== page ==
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Back on the witch hunt

I am on a witch-hunt that has nothing to do with the expenses scandal at Westminster or Michael Jackson’s pharmacist.

It concerns an actual, convicted witch. Her name is Janet Horne, a former resident of the Highland town of Dornoch. Horne was the last woman to be executed in Scotland for the crime of witchcraft. Three centuries after she met her end, she still casts a spell over people, and I intend to find out why.

Horne’s life and death have inspired one of the highlights of this year’s Edinburgh International Festival (EIF): a play called The Last Witch. According to the play’s author, leading Scottish dramatist Rona Munro, Horne’s story is a metaphor for what catastrophes can unfold when a politically apathetic society, as many people consider present-day Britain to be, allows itself to be influenced by dangerous ideas.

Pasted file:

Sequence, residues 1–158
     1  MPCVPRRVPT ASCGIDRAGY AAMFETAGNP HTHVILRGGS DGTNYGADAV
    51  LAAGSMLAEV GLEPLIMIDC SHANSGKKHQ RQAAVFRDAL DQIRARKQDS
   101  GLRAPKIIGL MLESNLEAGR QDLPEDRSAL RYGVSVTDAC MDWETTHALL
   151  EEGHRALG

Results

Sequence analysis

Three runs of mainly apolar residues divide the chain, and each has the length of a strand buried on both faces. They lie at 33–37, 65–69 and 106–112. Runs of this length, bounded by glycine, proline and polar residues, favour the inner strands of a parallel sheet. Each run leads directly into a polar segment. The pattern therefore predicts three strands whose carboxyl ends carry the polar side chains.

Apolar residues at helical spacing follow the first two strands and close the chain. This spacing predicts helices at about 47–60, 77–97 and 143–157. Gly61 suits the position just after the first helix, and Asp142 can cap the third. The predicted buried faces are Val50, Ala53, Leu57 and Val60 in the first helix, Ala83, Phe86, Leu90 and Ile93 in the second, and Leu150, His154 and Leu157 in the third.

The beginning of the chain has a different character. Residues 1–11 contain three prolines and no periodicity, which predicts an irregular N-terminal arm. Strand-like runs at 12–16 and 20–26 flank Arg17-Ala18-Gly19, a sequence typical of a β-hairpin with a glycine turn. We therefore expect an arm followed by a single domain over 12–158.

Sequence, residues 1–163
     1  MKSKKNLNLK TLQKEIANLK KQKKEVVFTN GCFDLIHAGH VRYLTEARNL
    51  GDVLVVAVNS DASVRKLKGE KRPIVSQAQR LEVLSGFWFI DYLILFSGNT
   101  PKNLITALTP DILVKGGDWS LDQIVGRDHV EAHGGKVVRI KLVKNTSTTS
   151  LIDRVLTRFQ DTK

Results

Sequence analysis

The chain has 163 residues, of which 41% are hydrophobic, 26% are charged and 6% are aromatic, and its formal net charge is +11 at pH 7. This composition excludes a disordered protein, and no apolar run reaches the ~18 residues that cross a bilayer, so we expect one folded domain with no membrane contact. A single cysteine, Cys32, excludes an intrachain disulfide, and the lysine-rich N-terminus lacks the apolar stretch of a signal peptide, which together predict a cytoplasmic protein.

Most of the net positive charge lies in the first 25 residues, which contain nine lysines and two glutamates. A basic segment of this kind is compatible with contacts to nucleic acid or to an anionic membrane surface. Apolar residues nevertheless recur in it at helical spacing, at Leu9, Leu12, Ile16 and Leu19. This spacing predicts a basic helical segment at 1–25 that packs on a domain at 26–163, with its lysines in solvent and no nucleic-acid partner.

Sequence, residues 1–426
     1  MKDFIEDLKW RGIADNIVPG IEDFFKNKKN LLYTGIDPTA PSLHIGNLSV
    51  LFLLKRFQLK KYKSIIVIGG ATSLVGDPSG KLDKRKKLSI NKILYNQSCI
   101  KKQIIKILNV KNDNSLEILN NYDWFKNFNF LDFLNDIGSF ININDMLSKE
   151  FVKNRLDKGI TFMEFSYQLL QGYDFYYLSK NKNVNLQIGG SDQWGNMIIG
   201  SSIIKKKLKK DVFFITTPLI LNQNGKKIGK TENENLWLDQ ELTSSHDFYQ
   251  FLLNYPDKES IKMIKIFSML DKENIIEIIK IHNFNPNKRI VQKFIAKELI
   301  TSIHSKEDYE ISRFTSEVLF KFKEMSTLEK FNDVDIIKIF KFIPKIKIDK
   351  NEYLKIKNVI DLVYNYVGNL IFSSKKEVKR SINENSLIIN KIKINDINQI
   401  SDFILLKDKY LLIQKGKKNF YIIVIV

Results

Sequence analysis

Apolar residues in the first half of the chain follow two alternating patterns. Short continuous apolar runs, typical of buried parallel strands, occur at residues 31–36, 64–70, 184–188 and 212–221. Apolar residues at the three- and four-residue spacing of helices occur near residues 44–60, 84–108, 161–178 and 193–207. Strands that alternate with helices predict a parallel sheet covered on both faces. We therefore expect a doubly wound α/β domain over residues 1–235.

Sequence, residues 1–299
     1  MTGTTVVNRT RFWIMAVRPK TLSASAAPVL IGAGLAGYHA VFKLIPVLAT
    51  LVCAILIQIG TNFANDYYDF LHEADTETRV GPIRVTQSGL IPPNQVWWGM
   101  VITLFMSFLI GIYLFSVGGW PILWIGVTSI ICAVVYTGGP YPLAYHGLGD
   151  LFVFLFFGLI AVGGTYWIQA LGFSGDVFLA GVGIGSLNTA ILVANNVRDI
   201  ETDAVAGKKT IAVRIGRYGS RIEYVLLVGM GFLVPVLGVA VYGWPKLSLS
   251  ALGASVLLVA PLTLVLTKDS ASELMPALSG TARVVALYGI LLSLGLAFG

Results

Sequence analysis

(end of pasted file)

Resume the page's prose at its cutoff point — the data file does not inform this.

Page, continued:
The hunt for Horne is not a search for a body: hers was burned to ashes in a wooden barrel filled with flaming tar. It is a hunt for a body of evidence. Who was Janet Horne? Why was she accused of witchcraft? How does the real Horne compare with the fictional character in Munro’s play? The quest will take me from one end of Scotland to the other.

Read the original article at: Herald Scotland

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